What angered me most about the subpoena I received on that wet day in Cambridge was not the expense of lawyers or a possible perjury trap, but rather the fact that it was Alberto Gonzales' Justice Department that had issued it. As Doe and Smith knew, I had spent hundreds of very difficult hours at OLC, in the face of extraordinary White House resistance, trying to clean up the legal mess that then-White House Counsel Gonzales, David Addington, John Yoo, and others had created in designing the foundations of the Terrorist Surveillance Program. It seemed rich beyond my comprehension for a Gonzales-led Department of Justice to be pursuing me for possibly illegal actions in connection with the Terrorist Surveillance Program, I told the two wide-eyed FBI agents in Harvard Square. They understood what I was talking about. But Doe nervously said that the legality of the foundations of the program was "outside [their] jurisdiction," and the agents quickly changed the subject to tell me about the recent progress they had made on the source of the leak.
I was not opposed to the leak investigation itself or to vigorous surveillance of terrorists. I agreed with President Bush that the revelations by Risen and Lichtblau had alerted our enemies, put our citizens at risk, and done "great harm" to the nation. I hoped the FBI would find and punish the leakers, and I had spent many hours trying to help them do so. I also shared many of the White House's concerns with the Foreign Intelligence Surveillance Act (FISA), the 1978 domestic wiretapping law that required executive officers, on pain of jail, to get a court warrant before wiretapping suspected enemies in the United States. We were at war with terrorists who were armed with disposable cell phones and encrypted e-mails buried in a global multibillion-communications-per-day system. It seemed crazy to require the commander in chief and his subordinates to get a judge's permission to listen to each communication under a legal regime that was designed before technological revolutions brought us high-speed fiber-optic networks, the public Internet, e-mail, and ten-dollar cell phones.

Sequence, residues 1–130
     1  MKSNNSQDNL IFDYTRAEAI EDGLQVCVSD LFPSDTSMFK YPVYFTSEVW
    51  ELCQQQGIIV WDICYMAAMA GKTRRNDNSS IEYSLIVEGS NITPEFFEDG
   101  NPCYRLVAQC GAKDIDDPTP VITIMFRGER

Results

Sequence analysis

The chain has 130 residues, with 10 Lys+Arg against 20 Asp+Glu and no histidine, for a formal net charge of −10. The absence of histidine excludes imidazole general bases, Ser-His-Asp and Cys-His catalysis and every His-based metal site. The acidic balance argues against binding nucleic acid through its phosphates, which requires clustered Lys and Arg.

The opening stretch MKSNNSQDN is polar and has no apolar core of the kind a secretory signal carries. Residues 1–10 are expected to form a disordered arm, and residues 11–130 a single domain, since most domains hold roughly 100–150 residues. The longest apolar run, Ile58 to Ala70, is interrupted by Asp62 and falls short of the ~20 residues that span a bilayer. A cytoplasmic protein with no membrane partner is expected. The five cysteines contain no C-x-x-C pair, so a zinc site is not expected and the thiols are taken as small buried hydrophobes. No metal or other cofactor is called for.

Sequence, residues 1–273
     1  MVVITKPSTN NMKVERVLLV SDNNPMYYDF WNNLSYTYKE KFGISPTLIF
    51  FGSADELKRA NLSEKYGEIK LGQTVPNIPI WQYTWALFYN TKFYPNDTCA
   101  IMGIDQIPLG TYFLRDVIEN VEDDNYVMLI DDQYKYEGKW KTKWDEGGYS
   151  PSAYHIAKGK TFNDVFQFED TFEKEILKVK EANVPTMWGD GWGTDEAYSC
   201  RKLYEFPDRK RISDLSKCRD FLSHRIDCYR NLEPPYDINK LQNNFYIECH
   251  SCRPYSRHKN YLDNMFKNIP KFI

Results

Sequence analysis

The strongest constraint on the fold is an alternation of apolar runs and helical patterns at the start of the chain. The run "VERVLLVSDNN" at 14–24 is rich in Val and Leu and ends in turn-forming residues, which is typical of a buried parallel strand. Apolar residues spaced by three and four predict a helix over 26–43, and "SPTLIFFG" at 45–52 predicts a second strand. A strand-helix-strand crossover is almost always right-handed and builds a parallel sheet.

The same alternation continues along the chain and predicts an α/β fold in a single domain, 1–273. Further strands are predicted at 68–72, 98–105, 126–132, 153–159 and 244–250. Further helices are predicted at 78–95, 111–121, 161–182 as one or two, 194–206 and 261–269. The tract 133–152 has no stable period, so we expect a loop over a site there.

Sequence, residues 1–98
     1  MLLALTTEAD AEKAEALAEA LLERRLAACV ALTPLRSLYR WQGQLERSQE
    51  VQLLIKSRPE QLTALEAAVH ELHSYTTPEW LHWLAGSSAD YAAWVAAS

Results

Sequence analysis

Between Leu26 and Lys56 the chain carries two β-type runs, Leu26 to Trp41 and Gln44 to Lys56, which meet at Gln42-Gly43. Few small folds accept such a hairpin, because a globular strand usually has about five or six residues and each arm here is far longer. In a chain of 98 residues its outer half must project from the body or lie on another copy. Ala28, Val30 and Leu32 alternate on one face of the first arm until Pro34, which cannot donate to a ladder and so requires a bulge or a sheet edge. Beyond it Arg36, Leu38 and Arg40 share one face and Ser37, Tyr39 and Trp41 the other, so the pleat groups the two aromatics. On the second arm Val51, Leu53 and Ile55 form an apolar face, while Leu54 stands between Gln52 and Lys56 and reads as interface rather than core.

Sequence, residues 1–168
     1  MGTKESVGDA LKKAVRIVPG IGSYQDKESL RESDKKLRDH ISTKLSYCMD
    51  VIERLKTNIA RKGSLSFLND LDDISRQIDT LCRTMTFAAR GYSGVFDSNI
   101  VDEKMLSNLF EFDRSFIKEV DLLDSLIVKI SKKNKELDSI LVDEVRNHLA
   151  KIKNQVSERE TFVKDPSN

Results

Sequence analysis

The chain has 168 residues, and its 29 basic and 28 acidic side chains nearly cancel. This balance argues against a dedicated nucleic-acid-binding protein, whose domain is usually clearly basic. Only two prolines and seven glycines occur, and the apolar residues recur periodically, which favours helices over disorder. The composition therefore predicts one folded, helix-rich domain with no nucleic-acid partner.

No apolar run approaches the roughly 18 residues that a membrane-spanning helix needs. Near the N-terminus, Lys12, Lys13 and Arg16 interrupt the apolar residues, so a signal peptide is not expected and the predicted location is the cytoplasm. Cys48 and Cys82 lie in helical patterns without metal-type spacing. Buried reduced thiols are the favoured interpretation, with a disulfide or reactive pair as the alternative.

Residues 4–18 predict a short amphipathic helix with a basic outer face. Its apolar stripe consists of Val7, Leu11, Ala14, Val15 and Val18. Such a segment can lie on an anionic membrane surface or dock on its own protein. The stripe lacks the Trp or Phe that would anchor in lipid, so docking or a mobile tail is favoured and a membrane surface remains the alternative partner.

But I deplored the way the White House went about fixing the problem. "We're one bomb away from getting rid of that obnoxious [FISA] court," Addington had told me in his typically sarcastic style during a tense White House meeting in February of 2004. The vice president's counsel, who was the chief legal architect of the Terrorist Surveillance Program, was singing the White House tune on FISA. He and the vice president had abhorred FISA's intrusion on presidential power ever since its enactment in 1978. After 9/11 they and other top officials in the administration dealt with FISA the way they dealt with other laws they didn't like: They blew through them in secret based on flimsy legal opinions that they guarded closely so no one could question the legal basis for the operations. My first experience of this strict control, in fact, had come in a 2003 meeting when Addington angrily denied the NSA inspector general's request to see a copy of OLC's legal analysis in support of the Terrorist Surveillance Program. Before I arrived in OLC, not even NSA lawyers were allowed to see the Justice Department's legal analysis of what NSA was doing. I am not permitted to say much about how Jim Comey, Patrick Philbin, and I, with the crucial support of former Attorney General John Ashcroft and others, struggled to put the Terrorist Surveillance Program on a proper legal footing. I first encountered the program in 2003–2004, long after it had been integrated into the post-9/11 counterterrorism architecture. Putting it legally aright at that point, without destroying some of the government's most important counterterrorism tools, was by far the hardest challenge I faced in government. And the whole ordeal could have been avoided. On Jan. 17, 2007, Gonzales informed the Congress that the executive branch, under pressure from Congress and the courts following the leak, had worked out an "innovative" arrangement with the Foreign Intelligence Surveillance Court—the secret court that runs the FISA system, and that the administration had originally bypassed—to achieve the government's goals of "speed and agility" in surveillance within the four corners of the FISA law. In 2004, I and others in the Department of Justice had begun the process of working with the FISA court to give the commander in chief much more flexibility in tracking terrorists. From the beginning the administration could have taken these and other steps to ramp up terrorist surveillance in indisputably lawful ways that would have minimized the likelihood of a devastating national security leak. But only if it had been willing to work with the FISA court or Congress. The White House had found it much easier to go it alone, in secret.